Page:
Pioneer award winning rodeo performer. Such a title conjures up images of courage, stamina, and old-fashion grit. But Fannie Sperry was not only a plucky horsewoman. She was a forthright, attractive, and gentle lady, whose life revolved around her love of horses and remarkable skill with them.
On a Montana ranch in 1819, a little girl toddled out to the meadow creek where wild horses often came to drink, a long scarf trailing from her tiny fist. “I’m gonna catch me a white-face horsie,” the child announced. Fannie Sperry knew what she wanted. In 1912, at age 25, she won the title of Lady Bucking Horse Champion of the World.
Fannie, the fourth of five children, learned early how to catch, break, and train the wild horses that ran behind her parents’ homestead. After riding bucking horses at local roundups, she began her professional career in 1904 at age 17, racing thoroughbreds with a relay team known as the Montana Girls. Though Fannie wore the accepted ankle-length divided riding skirt when astride a bronc, the Montana Girls adopted long bloomer-like pants to facilitate their quick mounts and dismounts. The freedom of the then scandalous costume may have aided Fannie when she set a new national record for four-mile relay in 1907.
When the team disbanded, Fannie returned home to the hard work of ranching, riding seasonally at local exhibitions. She never hobbled her stirrups as most other women bucking horse riders did. She rode slick saddle, with stirrups loose, the same as the cowboys. Then in 1912, she was invited to become part of the first stampeded at Calgary, competing with top riders from all over the western states, Canada, and Mexico. Her spectacular ride on an outlaw bronc won her the world title.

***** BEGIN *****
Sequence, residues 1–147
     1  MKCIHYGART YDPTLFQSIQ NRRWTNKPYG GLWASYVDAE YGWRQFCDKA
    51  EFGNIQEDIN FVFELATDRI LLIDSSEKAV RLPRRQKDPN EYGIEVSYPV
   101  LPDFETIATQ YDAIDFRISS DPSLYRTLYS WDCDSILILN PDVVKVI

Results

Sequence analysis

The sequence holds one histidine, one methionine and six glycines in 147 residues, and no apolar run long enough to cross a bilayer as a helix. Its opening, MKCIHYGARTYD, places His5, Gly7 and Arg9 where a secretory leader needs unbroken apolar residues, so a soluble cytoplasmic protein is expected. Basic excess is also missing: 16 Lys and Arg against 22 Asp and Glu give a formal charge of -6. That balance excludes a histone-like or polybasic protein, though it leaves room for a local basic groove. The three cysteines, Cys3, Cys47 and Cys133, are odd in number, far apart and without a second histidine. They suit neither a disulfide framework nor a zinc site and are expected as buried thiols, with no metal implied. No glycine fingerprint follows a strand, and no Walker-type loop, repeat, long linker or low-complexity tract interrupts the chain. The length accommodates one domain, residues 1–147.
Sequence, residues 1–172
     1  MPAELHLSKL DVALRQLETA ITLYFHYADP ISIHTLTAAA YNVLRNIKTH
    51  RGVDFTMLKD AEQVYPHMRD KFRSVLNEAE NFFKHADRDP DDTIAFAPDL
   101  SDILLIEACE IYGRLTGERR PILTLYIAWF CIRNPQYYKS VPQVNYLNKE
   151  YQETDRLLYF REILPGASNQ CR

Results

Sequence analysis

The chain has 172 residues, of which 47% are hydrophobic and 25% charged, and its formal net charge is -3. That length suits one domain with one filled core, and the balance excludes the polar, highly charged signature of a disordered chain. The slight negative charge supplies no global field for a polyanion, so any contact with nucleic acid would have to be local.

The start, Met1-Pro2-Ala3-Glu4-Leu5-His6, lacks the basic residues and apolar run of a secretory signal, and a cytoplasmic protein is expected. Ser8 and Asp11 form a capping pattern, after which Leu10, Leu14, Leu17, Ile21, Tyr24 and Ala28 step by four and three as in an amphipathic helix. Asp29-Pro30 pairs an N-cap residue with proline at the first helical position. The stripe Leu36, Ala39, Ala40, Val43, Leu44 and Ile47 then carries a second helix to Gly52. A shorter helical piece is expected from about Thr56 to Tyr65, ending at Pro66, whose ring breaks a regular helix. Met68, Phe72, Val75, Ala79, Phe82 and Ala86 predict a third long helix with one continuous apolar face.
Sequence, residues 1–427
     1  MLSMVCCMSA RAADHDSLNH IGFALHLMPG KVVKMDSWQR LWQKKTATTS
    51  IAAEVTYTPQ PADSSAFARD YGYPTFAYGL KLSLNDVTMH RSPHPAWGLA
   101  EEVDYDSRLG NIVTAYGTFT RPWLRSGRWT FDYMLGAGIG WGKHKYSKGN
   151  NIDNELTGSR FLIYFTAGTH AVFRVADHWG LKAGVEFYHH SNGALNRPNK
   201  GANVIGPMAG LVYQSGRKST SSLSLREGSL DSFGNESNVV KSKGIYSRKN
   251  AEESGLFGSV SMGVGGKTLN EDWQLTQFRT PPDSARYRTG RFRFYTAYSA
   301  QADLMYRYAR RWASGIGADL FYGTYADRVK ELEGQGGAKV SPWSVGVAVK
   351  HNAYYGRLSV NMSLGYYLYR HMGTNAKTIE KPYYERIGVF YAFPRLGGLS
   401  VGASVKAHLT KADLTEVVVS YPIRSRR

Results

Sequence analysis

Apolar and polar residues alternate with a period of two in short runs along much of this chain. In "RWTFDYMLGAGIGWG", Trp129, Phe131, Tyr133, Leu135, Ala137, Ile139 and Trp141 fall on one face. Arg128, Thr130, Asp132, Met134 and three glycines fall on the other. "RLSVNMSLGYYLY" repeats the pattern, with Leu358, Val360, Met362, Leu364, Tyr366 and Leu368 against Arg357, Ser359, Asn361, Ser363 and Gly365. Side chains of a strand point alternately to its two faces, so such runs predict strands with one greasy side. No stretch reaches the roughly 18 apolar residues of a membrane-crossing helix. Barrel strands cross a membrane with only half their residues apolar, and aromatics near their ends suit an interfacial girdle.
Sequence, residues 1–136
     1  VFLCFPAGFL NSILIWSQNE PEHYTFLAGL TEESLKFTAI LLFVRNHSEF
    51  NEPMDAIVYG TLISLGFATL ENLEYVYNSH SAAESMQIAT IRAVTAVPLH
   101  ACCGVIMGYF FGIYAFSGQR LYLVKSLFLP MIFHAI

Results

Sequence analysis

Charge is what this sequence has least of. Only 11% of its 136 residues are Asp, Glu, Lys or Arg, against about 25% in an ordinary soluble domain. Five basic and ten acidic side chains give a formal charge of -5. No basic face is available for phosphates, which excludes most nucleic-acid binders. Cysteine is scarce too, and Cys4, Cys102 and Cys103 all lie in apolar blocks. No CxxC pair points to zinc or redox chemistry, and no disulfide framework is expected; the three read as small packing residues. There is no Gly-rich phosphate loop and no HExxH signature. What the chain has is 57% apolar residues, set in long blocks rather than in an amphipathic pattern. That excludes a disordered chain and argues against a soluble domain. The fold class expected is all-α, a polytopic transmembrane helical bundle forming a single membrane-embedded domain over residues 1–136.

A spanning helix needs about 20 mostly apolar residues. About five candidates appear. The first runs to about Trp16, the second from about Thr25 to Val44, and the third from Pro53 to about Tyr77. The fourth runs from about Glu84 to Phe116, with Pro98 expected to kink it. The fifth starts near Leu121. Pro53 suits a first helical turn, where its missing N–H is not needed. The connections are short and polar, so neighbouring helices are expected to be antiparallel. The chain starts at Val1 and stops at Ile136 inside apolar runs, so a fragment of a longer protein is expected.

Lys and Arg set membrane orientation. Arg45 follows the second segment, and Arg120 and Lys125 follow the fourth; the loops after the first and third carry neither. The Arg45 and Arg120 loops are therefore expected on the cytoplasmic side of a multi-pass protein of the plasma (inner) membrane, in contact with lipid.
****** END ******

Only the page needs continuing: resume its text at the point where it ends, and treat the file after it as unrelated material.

In 1913, Fannie married Bill Steele, a cowboy clown devoted to the budding sport of rodeo. After she successfully defending her title in Winnipeg, Manitoba, that year, she and Bill put together the Powder River Wild West Show, featuring Fannie’s riding and a sharpshooting act in which she shot China eggs from Bill’s hand and a cigar from his mouth. For thirteen years they performed across the country, maintaining the highest standards in western skill exhibitions. They appeared before Theodore Roosevelt in New York and with Buffalo Bill Cody in Chicago.
The Steeles retired from rodeo in 1925 to begin dude ranching in the high timbered country west of Lincoln. To pack hunters into the mountains, Fannie became one of the first women in the state to receive an outfitting’s license. Childless, she lavished her attention on her horses, her family, friends, and guests. After Bill’s death in 1940, she managed the rigorous routine alone, riding horses well into her upper 70s, often trailing her string of pintos as far as eighty miles to winter pasture.
A charter member of the Cowboy Hall of Fame, Fannie lived nearly ninety-six years, persisting through all the obstacles and pressures that befall a woman who excels in a male domain. “I had the staying quality of a cockleburr,” she was fond of saying of her bronc riding. Her passion for life and her strength as a woman confirm that apt observation.